Have a SNAC

If you've recently installed the SQL Express version of SQL Server 2005, you may or may not have noticed SQL Native Client (SNAC). If you want to use the new features of SQL Server 2005 like multiple active resultsets or snapshot isolation from OLE DB, ADO, or ODBC, you're going to need SNAC.

SNAC is meant to separate SQL Server's OLE DB provider and ODBC driver from MDAC. Currently the SQL Server OLE DB provider (SQLOLEDB) and ODBC driver ship as part of MDAC (Microsoft Data Access). A new version of Microsoft Data Access (MDAC 9.0) was planned in order to support the new SQL Server 2005 functionality. MDAC 9.0 won't happen. Instead, the current components of MDAC (2.8 SP1?) will ship as part of the Windows family of operating systems. MDAC will change infrequently, changes will not be tied to new SQL Server functionality. SNAC will be versioned with new versions of SQL Server and ship separately.

Once you've installed SNAC, you should see a new OLE DB provider (SQL Native Client) and a new ODBC driver (SQL Native Client). You need to use them instead of the older versions to get the SQL Server 2005-specific functionality. Note that they need to be coded into the connection string (OLE DB, ADO, or ODBC) or ODBC DSN. The SQLNCLI provider does not support XML like the SQLOLEDB provider does.

If you're using ADO.NET's SqlClient data provider, it has been rearchitected so it doesn't use MDAC. Or SNAC, as far as I know. If you've used SqlClient with SQL Server 2005 beta 1, you won't need "USE MDAC9" in connection strings as MDAC 9.0 isn't shipping with .NET 2.0 beta 1/SQL Server 2005 beta 2. SNAC is provided for vendors that still use OLE DB, ADO, and ODBC in the products. Nice feature. I have a soft spot in my heart for OLE DB (having taught provider writers for a few year), and having MDAC as a part of the OS is overdue. Not shipping MDAC for SQL Server changes will be a good thing.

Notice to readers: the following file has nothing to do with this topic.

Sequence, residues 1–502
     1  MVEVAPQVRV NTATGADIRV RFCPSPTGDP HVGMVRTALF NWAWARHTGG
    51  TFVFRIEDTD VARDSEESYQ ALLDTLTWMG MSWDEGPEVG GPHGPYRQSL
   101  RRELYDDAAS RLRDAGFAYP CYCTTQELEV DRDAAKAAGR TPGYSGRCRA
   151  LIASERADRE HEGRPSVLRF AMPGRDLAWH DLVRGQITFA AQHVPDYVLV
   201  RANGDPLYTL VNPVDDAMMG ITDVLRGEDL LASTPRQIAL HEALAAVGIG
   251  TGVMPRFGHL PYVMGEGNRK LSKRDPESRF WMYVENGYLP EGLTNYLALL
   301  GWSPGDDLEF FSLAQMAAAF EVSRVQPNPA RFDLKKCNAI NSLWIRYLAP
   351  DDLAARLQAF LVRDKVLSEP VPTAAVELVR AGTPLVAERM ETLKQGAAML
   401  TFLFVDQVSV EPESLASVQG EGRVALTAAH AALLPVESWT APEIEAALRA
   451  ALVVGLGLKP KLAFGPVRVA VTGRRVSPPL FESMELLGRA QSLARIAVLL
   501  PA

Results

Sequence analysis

One thought on “Have a SNAC

  1. I think the situation with data acess client for SQL Server 2005 is confusing. At one point I started to think that SqlClient would be the client. Then I found out that it was lacking several features existing on ODBC/OLEDB client as well as support for new features introduced in SQL Server 2005. The disconnected paradigm of ADO.NET might work well for ASP.NET applications, but does not work that well for specialized middle-tier applications that need to be behavior-compatible with legacy code. I still do not understand why MS does not want to add all new and existing features to SqlClient and make it suitable not only for Dataset-minded programmers, but also for classic cursor-driver development?

Comments are closed.

Other articles

Imagine feeling confident enough to handle whatever your database throws at you.

With training and consulting from SQLskills, you’ll be able to solve big problems, elevate your team’s capacity, and take control of your data career.